Allies Opposed To Farm Laws, Maharashtra Backtracks On Implementation

Last week, Maharashtra Deputy Chief Minister Ajit Pawar had announced that the state government would not implement the agriculture reform laws. This issue was raised at the cabinet meet today and it was decided to withdraw the order.

Allies Opposed To Farm Laws, Maharashtra Backtracks On Implementation

In August, Maharashtra government had issued orders to implement the controversial farm laws.

Highlights

  • Ruling alliance has been in a dilemma over controversial farm laws
  • Congress, NCP had opposed farm laws, calling them "anti-farmer"
  • Issue was raised at cabinet meet today, it was decided to withdraw order
Mumbai:

The Maharashtra government on Wednesday withdrew the order it issued in August to implement the controversial farm laws that are at the centre of a storm in a number of of states. The ruling alliance in the state has been in  a dilemma over the farm laws, with Sena allies Congress and Sharad Pawar's Nationalist Congress Party being firmly opposed to them.

The Congress has been at the forefront of the agitation against the laws, leading farmers' protests in Punjab and Haryana, the epicenter of the agitation. Sharad Pawar's Nationalist Congress Party had opposed farm laws in parliament, calling them "anti-farmer".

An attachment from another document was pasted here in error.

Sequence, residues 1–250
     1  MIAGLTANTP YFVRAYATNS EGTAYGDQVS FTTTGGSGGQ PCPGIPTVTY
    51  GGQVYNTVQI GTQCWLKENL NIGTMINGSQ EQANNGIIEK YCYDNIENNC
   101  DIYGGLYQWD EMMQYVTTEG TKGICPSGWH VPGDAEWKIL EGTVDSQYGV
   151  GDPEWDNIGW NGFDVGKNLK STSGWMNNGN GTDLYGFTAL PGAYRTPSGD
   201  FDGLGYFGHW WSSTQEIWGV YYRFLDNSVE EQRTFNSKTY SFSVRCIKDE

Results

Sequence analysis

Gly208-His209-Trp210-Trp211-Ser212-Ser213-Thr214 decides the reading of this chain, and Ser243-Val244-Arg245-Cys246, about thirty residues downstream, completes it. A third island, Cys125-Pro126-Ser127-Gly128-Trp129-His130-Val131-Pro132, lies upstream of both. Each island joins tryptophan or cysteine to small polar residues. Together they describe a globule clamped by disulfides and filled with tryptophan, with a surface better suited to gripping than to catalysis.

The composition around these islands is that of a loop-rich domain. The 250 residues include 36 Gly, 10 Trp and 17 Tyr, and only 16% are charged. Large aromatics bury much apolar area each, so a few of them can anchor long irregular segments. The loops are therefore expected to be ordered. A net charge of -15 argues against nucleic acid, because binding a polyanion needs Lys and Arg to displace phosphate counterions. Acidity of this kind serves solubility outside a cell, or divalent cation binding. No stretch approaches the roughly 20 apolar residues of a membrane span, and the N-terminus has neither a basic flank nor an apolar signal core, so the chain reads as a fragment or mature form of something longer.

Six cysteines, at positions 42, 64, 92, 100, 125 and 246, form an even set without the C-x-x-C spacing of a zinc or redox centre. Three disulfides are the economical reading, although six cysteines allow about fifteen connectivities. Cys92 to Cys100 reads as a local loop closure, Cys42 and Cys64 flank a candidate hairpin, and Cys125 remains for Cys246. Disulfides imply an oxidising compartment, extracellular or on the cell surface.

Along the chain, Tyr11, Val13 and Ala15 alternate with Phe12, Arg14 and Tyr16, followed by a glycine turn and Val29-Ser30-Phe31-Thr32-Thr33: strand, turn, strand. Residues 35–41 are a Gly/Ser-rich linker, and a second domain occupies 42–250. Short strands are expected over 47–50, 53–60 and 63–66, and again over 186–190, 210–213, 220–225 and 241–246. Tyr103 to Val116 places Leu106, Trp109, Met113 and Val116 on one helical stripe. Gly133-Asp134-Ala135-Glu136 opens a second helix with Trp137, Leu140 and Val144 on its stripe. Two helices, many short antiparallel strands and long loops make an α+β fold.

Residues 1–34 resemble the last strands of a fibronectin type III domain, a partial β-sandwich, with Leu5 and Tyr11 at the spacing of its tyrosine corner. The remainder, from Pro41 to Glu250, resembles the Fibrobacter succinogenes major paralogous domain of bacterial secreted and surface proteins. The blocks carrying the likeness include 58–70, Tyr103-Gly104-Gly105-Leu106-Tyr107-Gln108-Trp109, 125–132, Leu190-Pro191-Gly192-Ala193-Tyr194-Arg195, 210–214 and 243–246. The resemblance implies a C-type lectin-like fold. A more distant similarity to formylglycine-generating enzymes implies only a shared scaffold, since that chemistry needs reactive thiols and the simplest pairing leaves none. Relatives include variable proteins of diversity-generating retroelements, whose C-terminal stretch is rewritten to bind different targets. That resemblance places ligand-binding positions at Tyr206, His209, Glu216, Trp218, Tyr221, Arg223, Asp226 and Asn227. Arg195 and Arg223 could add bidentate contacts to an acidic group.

Maharashtra Congress chief Balasaheb Thorat had earlier claimed that the three ruling parties have opposed the bills.

Last week, Maharashtra Deputy Chief Minister and NCP leader Ajit Pawar had announced that the state government would not implement the agriculture reform laws. This issue was raised at the cabinet meet today and it was decided to withdraw the order.

The farm bills were enacted in the monsoon session of parliament, before it ended prematurely last week in view of the coronavirus situation.

The laws were pushed through Rajya Sabha amid an uproar, which later snowballed as Rajya Sabha chairman Venkaiah Naidu suspended eight opposition members.

Since then, opposition parties and several farmers' groups across India have been carrying out protests against the laws.

The government has said the bills will help farmers increase their income and free them from the interference of middlemen. They will also enable farmers to sell produce anywhere in the country and deal directly with big corporations.

Farmers, however, are apprehensive of dealing directly with corporates. They fear that they will not be paid even the Minimum Support Price fixed by the government.

Calling the new system "anti-farmer" they have demanded that the laws be repealed.